Water levels at Marion Reservoir came within 1¾ feet of the July 1993 water line record of 1,358.87.
The water line crossed 1,357.1 feet Friday afternoon, before cresting at 1,357.17 feet Sunday afternoon, the third highest in history.
While the county is set for clear weather for the week, the reservoir is unlikely to start releasing water before the next storm, assistant lake manager Kevin McCoy said.
“My hope is that we don’t reach that,” he said. “Some records don’t need to be beaten.”
The water line is 8 feet above the conservation pool, which McCoy said denotes normal pool elevations.
“When you’re dealing with a reservoir, it’s a game of inches,” he said.
As of 5:30 p.m. Monday, water levels were 1½ feet below the top of the gates, but the dam extends up another 9½ feet.
“If they start draining it now, it would make the rivers really interesting,” Marion resident Cody Carr said Friday.
The reservoir is holding back from releasing water because John Redmond Reservoir remains extremely high, McCoy said.
“Most people think the flood is over when the rivers go back into their channels,” he said. “They think the flood is over and everything is calm. That’s not necessarily the case when you deal with flood risk management. We’re still right in the middle of it.”
The reservoir is at 80 percent capacity, or 42,379,196,110 gallons, enough to supply one standard bottle of drinking water per person to every person in the U.S. until March 10 of next year.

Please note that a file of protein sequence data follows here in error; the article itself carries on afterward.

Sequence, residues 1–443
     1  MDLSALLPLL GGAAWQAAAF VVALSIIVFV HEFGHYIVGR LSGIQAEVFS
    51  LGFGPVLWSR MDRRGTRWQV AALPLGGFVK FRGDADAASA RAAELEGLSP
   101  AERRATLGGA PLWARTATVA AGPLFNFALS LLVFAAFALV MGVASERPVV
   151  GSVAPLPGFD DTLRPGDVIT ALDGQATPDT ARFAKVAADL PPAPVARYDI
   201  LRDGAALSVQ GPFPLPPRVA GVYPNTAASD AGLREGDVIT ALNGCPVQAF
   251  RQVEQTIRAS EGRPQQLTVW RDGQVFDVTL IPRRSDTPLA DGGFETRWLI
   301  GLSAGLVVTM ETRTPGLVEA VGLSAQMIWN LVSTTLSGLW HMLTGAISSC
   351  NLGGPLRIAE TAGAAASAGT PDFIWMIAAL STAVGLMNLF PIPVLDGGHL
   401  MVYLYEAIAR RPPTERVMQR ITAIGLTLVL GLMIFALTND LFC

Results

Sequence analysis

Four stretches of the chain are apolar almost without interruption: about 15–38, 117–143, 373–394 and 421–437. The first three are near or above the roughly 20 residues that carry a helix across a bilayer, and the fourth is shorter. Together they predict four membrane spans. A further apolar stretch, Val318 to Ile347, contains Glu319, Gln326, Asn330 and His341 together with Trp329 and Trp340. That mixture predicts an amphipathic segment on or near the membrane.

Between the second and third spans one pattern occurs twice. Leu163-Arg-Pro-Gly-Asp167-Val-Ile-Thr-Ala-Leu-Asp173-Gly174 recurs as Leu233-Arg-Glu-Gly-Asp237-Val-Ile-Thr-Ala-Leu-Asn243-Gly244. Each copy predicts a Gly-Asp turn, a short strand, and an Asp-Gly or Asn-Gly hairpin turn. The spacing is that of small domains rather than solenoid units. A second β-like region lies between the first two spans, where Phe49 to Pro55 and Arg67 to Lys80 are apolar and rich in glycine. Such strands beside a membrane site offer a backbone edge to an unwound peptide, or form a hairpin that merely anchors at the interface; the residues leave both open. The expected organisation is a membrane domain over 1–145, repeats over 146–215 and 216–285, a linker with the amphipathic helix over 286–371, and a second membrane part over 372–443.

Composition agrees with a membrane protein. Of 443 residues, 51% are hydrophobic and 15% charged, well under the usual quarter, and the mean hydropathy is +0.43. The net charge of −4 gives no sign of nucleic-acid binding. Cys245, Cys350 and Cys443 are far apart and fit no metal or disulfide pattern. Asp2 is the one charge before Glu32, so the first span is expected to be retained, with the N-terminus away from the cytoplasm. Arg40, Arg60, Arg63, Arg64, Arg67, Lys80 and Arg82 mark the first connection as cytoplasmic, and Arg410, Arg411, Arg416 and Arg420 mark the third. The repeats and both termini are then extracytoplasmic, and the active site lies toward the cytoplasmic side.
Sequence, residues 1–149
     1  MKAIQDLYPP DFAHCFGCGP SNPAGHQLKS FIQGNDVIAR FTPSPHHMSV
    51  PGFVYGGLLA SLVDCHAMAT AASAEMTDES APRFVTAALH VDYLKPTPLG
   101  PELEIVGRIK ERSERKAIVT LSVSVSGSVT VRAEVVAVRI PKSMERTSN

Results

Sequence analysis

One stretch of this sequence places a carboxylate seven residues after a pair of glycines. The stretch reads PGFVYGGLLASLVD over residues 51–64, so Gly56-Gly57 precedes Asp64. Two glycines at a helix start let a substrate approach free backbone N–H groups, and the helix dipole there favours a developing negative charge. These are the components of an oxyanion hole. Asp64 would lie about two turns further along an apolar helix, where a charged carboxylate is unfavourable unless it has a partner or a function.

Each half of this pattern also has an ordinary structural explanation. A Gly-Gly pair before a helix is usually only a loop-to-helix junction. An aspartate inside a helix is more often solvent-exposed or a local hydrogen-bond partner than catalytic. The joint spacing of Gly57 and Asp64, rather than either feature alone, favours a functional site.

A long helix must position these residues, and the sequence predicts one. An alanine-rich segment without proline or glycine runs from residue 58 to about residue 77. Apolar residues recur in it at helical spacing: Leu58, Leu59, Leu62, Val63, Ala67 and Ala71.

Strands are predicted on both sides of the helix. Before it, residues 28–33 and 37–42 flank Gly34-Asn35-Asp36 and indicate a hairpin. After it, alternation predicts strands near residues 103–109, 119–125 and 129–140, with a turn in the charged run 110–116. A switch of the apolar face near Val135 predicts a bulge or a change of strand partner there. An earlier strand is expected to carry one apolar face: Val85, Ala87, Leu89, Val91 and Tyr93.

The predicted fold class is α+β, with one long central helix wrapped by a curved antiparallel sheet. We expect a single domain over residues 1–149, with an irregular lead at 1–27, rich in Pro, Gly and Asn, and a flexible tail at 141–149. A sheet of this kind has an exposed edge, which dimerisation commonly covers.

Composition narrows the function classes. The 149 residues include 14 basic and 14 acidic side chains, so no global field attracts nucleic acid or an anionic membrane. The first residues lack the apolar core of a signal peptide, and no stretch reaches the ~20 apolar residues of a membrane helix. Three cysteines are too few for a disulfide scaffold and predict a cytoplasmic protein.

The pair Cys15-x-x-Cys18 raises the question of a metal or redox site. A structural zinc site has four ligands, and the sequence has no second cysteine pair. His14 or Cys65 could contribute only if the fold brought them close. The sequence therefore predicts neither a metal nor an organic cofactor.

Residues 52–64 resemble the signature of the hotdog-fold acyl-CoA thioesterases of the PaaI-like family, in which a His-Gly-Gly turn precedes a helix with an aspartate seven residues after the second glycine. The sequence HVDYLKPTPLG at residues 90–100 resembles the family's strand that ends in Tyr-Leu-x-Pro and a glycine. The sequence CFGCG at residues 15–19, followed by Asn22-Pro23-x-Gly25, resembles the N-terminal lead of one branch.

Seeing the water so high wasn’t a surprise, Carr said Friday.
“I was expecting it to be worse,” he said. “I’ve seen it worse before. The water was clear up to the road many years ago.”
One boat ramp is open at Marion Cove, but tree brush should be the primary concern for boaters, McCoy said.
“There’s a lot of downed woody debris that’s blown down and sat for years on the edge of the lake,” he said. “It’s now available to float out into the water. It’s not all small stuff, we definitely urge caution.”
While the rains drove fish into new areas of the lake, temperature was also important, Carr said Friday.
“There’s not much activity,” he said. “The water is still too cold from the rain Thursday.”
Water control has no effect on bridge construction, or vice versa, McCoy said.
With how full the reservoir is, campsites will probably remain closed through Memorial Day, McCoy said.
“Even though we’re never sure what that storm will do, we might close the gates and allow the storm to happen,” he said. “Then we don’t have a channel full of water, and an artificial flood because it rained another 2 inches. There are a lot of skilled people crunching a lot of numbers.”